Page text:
Orland Park Police Urge Residents to Report Coyote Sightings

Orland Park Police Urge Residents to Report Coyote Sightings
Posted on 03/16/2017

Coyotes have been in the Orland Park area since the late 1970s when they used area railroad tracks as highways to Chicago's south suburbs. The current population is growing because coyotes have no natural predators.

"Residents should call the Orland Park Police Department at 708/349-4111 to report coyote sightings and their location," said Trustee Dan Calandriello, Public Safety Committee Chair. "For the safety of family pets, please do not leave them unattended outdoors in order to avoid unfortunate attacks by coyotes."

It is not uncommon to see coyotes in packs of as many as eight. The coyotes' breeding time is normally in February and March with their pups being born in April and May, after 60 to 63 days of gestation. Coyotes can have anywhere from five to seven pups in a litter.

"Coyotes look like German Shepherds and, at this time of the year, they look very large because their winter coats are in," explained Orland Park Police Animal Control Officer Steve Stronk. "When they're wet, they look like a 40-pound dog."

Stronk recommends that residents who feed birds and see coyotes in the area should stop feeding the birds for at least a month.

"Most coyotes feed on rabbits and mice but they'll never pass up a free meal. They do eat bird seed and all other animals and birds that feed on the seed," he explained. "The Police Department knows of Orland Park residents who --- despite our repeated warnings --- have been feeding coyotes. This is one of the reasons why coyotes are losing their fear of humans."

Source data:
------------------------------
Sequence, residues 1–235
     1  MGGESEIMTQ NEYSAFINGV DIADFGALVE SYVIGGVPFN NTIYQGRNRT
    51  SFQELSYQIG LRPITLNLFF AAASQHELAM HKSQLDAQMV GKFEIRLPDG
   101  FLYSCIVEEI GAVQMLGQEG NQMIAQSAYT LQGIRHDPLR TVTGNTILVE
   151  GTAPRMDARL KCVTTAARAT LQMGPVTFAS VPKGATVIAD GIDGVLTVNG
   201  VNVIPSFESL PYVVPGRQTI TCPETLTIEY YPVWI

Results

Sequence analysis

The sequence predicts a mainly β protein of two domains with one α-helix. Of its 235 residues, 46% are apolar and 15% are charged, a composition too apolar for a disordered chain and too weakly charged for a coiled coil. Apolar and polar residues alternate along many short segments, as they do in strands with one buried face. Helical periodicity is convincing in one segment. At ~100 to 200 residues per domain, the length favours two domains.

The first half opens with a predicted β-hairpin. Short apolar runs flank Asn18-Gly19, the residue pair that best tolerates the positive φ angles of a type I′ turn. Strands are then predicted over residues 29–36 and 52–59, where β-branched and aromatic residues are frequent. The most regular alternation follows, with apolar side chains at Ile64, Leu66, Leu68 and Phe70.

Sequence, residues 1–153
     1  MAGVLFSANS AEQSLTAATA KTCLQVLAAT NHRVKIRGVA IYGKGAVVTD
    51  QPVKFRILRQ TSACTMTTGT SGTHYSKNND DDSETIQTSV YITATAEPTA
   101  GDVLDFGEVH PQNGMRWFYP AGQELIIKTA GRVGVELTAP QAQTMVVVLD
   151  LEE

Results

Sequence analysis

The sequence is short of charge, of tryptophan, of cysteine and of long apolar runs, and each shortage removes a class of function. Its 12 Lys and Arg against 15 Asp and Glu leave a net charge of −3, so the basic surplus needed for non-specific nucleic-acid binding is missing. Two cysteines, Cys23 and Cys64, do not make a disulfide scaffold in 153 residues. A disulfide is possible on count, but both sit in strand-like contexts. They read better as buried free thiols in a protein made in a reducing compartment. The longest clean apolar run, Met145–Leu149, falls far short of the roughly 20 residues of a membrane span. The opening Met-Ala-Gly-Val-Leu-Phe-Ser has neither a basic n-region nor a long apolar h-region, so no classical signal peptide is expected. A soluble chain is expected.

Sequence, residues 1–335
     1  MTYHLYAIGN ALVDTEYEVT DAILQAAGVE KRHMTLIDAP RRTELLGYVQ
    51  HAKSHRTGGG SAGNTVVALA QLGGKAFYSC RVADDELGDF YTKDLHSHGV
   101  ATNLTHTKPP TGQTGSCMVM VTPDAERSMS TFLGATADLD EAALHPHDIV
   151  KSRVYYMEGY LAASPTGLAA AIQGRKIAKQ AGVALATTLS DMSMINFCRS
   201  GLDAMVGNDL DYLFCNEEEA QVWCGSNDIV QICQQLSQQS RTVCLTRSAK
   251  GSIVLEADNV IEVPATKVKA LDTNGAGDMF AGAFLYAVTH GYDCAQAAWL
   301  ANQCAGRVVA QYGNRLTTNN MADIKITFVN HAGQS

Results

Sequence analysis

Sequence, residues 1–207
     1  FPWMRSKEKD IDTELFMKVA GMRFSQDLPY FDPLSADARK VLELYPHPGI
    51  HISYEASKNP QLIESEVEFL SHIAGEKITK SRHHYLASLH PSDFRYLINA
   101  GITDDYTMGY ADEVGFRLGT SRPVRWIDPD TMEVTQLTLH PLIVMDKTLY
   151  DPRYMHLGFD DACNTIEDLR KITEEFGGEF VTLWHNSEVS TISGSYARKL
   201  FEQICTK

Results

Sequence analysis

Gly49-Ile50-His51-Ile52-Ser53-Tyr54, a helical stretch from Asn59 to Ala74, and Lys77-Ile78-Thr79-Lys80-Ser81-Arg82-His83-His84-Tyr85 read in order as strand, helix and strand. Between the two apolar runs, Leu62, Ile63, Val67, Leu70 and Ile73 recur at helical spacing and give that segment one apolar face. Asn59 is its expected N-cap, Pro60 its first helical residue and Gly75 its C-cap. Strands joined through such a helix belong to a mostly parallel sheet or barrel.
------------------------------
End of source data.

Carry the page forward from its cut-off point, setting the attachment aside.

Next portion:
It is illegal to ground feed any animals or birds in the Village of Orland Park.

"We cannot stress enough that people should not feed any wildlife in Orland Park. They must let Mother Nature take its course and let animals forage for their own food. Whether it's the geese at the ponds, coyotes, raccoons, deer in your backyard or any other type of wildlife, do not feed them," Stronk said.

Illinois Department of Natural Resources records show no documented coyote attacks on humans; however, they will attack family pets.

Residents who encounter a coyote are cautioned to never run from it or take their eyes off of it.

"If you run, you could engage a predatory instinct and the coyote could give chase," Stronk explained.

Residents who encounter coyotes should yell, scream and wave their arms, making themselves look larger than they actually are.

"If that doesn't work, throw whatever is handy at the coyote or carry an air horn like boaters use," Strong added, "An air horn should make them leave in a hurry."

Residents are encouraged to always carry a cell phone when out walking or walking their dogs.

Walkers are also encouraged to go to the nearest house for help and ask that the homeowner call 9-1-1 so that a police officer can respond.

Residents with additional questions about wildlife in the Village of Orland Park may contact Stronk by calling the Police Department's non-emergency number at 708/349-4111.